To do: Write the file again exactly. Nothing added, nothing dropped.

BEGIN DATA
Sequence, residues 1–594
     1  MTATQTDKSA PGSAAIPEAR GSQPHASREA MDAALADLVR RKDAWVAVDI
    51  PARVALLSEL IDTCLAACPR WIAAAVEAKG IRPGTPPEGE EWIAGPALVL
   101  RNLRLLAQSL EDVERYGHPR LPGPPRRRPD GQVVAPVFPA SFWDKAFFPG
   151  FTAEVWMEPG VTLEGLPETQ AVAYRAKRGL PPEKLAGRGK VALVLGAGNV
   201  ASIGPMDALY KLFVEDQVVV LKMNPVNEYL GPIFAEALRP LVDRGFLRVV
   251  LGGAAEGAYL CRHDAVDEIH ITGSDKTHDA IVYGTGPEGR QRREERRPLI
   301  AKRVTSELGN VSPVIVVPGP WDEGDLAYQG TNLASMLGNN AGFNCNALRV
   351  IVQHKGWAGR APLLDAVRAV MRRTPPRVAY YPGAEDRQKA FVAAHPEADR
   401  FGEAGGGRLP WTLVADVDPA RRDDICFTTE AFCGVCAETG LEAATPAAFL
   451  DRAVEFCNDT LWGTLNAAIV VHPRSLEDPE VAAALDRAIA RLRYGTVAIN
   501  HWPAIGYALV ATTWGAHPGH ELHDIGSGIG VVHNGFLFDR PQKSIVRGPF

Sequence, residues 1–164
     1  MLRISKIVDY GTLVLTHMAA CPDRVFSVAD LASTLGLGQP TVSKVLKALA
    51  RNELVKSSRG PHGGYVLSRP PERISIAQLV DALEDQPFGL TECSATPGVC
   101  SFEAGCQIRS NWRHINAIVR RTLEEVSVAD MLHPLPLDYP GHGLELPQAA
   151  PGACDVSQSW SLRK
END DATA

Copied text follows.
Sequence, residues 1–594
     1  MTATQTDKSA PGSAAIPEAR GSQPHASREA MDAALADLVR RKDAWVAVDI
    51  PARVALLSEL IDTCLAACPR WIAAAVEAKG IRPGTPPEGE EWIAGPALVL
   101  RNLRLLAQSL EDVERYGHPR LPGPPRRRPD GQVVAPVFPA SFWDKAFFPG
   151  FTAEVWMEPG VTLEGLPETQ AVAYRAKRGL PPEKLAGRGK VALVLGAGNV
   201  ASIGPMDALY KLFVEDQVVV LKMNPVNEYL GPIFAEALRP LVDRGFLRVV
   251  LGGAAEGAYL CRHDAVDEIH ITGSDKTHDA IVYGTGPEGR QRREERRPLI
   301  AKRVTSELGN VSPVIVVPGP WDEGDLAYQG TNLASMLGNN AGFNCNALRV
   351  IVQHKGWAGR APLLDAVRAV MRRTPPRVAY YPGAEDRQKA FVAAHPEADR
   401  FGEAGGGRLP WTLVADVDPA RRDDICFTTE AFCGVCAETG LEAATPAAFL
   451  DRAVEFCNDT LWGTLNAAIV VHPRSLEDPE VAAALDRAIA RLRYGTVAIN
   501  HWPAIGYALV ATTWGAHPGH ELHDIGSGIG VVHNGFLFDR PQKSIVRGPF

Sequence, residues 1–164
     1  MLRISKIVDY GTLVLTHMAA CPDRVFSVAD LASTLGLGQP TVSKVLKALA
    51  RNELVKSSRG PHGGYVLSRP PERISIAQLV DALEDQPFGL TECSATPGVC
   101  SFEAGCQIRS NWRHINAIVR RTLEEVSVAD MLHPLPLDYP GHGLELPQAA
   151  PGACDVSQSW SLRK